Google News gets the addition of Google+ comments

The search giant rolls out upgrades to its news pages, including bigger images, real-time coverage, and Google+ comments posted alongside the articles.

Google News' updated look with Google Plus integration. Google

In the continued omnipresent integration of Google+ into all of Google's products, the Web giant announced some new features to its U.S. edition of Google News today. In addition to larger images on the main page and real-time news coverage, the tech company is also adding "relevant" Google+ posts to its news pages.

Google News product manager Scott Zuccarino wrote in a blog post today:

Many news stories inspire vibrant discussions on Google+, and today we're starting to add this content to both the News homepage, and the realtime coverage pages. This way you can see what your circles, journalists covering the story and notables like politicians or others who are the subjects of stories have to say about breaking news, and even contribute to the discussion directly from Google News.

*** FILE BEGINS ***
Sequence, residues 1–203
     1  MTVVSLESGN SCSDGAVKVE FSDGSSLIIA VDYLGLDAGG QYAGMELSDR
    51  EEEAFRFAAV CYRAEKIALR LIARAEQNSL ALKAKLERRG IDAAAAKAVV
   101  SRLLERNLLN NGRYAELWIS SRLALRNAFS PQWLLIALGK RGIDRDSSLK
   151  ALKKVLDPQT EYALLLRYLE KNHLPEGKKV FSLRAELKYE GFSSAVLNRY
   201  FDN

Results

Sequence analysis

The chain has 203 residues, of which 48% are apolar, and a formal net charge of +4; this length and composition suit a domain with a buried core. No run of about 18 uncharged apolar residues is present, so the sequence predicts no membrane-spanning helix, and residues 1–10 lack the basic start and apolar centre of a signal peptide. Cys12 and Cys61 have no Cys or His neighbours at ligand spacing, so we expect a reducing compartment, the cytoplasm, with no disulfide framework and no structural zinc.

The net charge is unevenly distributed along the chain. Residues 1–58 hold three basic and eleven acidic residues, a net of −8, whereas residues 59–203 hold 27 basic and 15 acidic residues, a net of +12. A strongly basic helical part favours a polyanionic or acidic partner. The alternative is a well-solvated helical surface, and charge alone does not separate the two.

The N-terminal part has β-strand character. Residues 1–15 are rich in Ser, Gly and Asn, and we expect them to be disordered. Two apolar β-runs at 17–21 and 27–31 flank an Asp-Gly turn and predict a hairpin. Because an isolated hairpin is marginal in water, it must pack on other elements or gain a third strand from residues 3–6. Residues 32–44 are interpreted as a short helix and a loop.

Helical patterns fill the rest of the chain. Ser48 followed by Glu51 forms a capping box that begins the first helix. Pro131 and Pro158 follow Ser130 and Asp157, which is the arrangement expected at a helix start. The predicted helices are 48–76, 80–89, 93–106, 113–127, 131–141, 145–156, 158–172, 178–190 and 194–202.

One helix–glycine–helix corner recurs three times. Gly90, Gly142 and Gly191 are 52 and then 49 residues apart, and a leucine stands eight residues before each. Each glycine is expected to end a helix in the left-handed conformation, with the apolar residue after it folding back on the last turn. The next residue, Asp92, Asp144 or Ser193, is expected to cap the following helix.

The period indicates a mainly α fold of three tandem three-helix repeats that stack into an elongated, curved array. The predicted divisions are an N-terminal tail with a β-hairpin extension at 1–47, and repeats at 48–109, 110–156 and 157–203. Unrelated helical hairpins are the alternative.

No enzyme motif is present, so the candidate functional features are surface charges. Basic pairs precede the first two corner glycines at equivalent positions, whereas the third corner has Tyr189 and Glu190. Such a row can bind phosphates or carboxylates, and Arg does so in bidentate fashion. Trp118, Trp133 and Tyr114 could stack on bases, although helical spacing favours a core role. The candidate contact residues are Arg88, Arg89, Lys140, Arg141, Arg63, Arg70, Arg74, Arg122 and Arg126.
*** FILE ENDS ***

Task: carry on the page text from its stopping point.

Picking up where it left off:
For now, the Google Plus discussions will only show up in the U.S. edition of Google News and for people who are signed into the social network. If users prefer not to see the featured comments they can either log out of Google+ or turn off the posts on the Google News settings page.

When Google first launched its social network last June, the company's goal was to combine what was at the company's core -- its search engine -- with social networking. This also meant moving toward the integration of its products, such as Google News with Google+.

Not all users seem to be happy about the social network's ubiquitous approach to the Internet. Earlier this week, actor and writer Wil Wheaton got up in arms about having to sign into Google+ to like a video on YouTube.

The latest upgrades to Google News will be rolled out over the next week. "Today's updates are the latest examples of how we're working to provide users with a beautiful, consistent experience across Google," Zuccarino wrote.

About the author

Dara Kerr, a freelance journalist based in the Bay Area, is fascinated by robots, supercomputers and Internet memes. When not writing about technology and modernity, she likes to travel to far-off countries.

 

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